The bilingual advantages in executive functioning have not been constantly observed though and are therefore controversial (e.g., Paap & Greenberg, 2013; Paap, Johnson, & Sawi, 2014). This lack of consistency has been attributed to different un-controlled non-linguistic factors (i.e., socioeconomic status (Hackman, Gallop, & Evans, 2015), video game or music practice (Boot, Kramer, Simons, Fabiani, & Gratton, 2008) or linguistic factors including second language (L2) proficiency (e.g., Fernandez et al., 2013) or language-switching frequency (e.g., Hartanto & Yang, 2016; Prior & Gollan, 2011; Soveri, Rodriguez-Fornells, & Laine, 2011; Verreyt et al., 2016). In terms of language switching, a few recent studies (e.g., Hartanto & Yang, 2016; Prior & Gollan, 2011; Verreyt & al., 2016) have indeed suggested that switching frequently between languages or language-switching frequency might improve the development of executive functioning. Language-switching occurs either in two-language contexts in which bilingual individuals change languages mid-utterance when speaking with another bilingual, or in one-language contexts where bilinguals speak one language, for instance L1 at a given time with an L1 monolingual and then L2 at another time with an L2 monolingual.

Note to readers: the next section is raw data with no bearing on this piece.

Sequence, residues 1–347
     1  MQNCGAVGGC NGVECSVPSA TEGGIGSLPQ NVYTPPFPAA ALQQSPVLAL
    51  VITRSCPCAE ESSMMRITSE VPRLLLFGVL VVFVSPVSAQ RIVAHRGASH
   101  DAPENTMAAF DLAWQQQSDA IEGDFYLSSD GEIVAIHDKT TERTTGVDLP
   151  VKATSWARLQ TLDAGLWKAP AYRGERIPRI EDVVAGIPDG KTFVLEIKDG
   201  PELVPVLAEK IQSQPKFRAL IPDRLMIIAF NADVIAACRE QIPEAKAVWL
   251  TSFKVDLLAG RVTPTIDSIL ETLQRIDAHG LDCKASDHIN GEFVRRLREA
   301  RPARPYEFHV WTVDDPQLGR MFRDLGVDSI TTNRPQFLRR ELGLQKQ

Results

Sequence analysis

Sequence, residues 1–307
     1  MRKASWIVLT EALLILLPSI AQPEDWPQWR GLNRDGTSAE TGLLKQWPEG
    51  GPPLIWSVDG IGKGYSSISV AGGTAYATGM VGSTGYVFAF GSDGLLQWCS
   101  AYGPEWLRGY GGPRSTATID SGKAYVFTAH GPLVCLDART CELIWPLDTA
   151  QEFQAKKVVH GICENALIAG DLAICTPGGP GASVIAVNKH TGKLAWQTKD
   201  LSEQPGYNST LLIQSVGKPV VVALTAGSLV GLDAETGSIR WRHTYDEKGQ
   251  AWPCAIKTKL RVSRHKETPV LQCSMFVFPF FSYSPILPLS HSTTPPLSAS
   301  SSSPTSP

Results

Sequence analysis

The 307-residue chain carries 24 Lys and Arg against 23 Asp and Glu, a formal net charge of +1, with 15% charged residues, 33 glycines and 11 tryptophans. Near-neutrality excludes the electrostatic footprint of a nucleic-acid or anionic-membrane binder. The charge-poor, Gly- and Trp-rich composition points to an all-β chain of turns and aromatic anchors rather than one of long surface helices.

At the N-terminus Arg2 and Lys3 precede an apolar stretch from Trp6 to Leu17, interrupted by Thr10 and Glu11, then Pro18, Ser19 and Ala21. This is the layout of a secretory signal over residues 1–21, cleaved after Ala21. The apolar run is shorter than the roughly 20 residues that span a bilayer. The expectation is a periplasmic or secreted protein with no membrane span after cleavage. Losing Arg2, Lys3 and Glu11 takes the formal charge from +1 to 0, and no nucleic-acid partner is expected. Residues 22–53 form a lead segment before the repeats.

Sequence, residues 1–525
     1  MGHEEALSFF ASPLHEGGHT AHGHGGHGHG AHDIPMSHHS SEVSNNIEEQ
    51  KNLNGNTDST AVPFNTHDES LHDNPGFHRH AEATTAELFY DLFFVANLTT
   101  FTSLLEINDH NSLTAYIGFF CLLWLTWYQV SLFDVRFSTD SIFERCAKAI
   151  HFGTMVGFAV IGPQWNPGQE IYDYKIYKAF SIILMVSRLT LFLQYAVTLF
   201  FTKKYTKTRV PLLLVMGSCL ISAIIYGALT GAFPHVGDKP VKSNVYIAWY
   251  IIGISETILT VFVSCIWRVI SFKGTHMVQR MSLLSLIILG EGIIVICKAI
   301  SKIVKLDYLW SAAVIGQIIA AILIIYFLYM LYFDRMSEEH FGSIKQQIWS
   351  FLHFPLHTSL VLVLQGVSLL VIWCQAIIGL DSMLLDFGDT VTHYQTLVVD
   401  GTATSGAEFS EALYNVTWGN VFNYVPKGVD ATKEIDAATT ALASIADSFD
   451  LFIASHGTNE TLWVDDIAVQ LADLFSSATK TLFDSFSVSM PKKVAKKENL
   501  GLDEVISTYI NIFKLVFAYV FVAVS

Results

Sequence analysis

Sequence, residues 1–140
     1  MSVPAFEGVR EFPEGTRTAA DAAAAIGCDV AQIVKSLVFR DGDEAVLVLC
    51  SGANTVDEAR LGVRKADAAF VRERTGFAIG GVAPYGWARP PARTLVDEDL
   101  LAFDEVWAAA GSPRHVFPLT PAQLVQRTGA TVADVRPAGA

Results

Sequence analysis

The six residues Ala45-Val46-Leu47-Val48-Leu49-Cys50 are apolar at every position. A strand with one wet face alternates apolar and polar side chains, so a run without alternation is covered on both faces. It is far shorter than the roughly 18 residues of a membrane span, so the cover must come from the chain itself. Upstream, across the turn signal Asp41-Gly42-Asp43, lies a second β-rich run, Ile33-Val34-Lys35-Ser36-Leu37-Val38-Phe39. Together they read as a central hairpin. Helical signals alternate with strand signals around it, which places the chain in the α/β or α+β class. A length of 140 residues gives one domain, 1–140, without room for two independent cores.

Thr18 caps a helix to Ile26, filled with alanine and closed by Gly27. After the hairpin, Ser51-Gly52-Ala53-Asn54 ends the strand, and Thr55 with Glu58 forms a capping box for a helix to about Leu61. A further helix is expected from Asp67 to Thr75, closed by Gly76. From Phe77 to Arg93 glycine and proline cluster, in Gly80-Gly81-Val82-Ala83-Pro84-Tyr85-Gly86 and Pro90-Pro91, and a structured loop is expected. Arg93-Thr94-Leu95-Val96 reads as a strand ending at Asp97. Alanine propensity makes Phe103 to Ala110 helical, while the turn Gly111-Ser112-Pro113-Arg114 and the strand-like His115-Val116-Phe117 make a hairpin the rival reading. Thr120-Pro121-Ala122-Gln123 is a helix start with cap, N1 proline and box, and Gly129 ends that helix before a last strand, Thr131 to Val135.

Despite the large number of studies demonstrating a bilingual advantage in tasks assessing response inhibition and interference inhibition skills, only Verreyt et al. (2016) attempted to determine the influence of language-switching frequency on the development of inhibition skills (interference inhibition) in bilinguals. In addition, no study to date has tried to specifically assess the effect of language-switching frequency on response inhibition skills in bilinguals. Verreyt et al. (2016) compared proficient (balanced) Dutch-French bilinguals who switched frequently between languages with proficient (balanced) Dutch-French bilinguals who seldom switched between languages and non-switching less proficient (imbalanced) Dutch-French bilinguals in a task assessing interference inhibition skills (Attentional Network Task: ANT; Fan, McCandliss, Sommer, Raz, & Posner, 2002). In this task, participants were presented with five arrows (pointing leftwards or rightwards) on a computer screen and asked to indicate the direction of the target arrow occurring in the middle. A conflict effect was calculated by subtracting the mean response speed from the condition in which all of the arrows were pointing in the same direction (congruent condition) from the one in which the central arrow was pointing in the opposite direction (incongruent condition). Verreyt et al. (2016) found that proficient (balanced) Dutch-French bilinguals who switched frequently between languages exhibited a faster response speed compared with both proficient (balanced) Dutch-French bilinguals who seldom switched between languages and non-switching less proficient (imbalanced) Dutch-French bilinguals. The results of this study also failed to find any group difference between non-switching proficient (balanced) bilinguals and non-switching less proficient (imbalanced) bilinguals in this task. The authors argued that language-switching frequency improves the development of interference resolution skills (or interference inhibition) in bilinguals. This advantage has been seen as reflecting bilinguals’ ability to inhibit second-language intrusions from the non-intended language when switching between languages.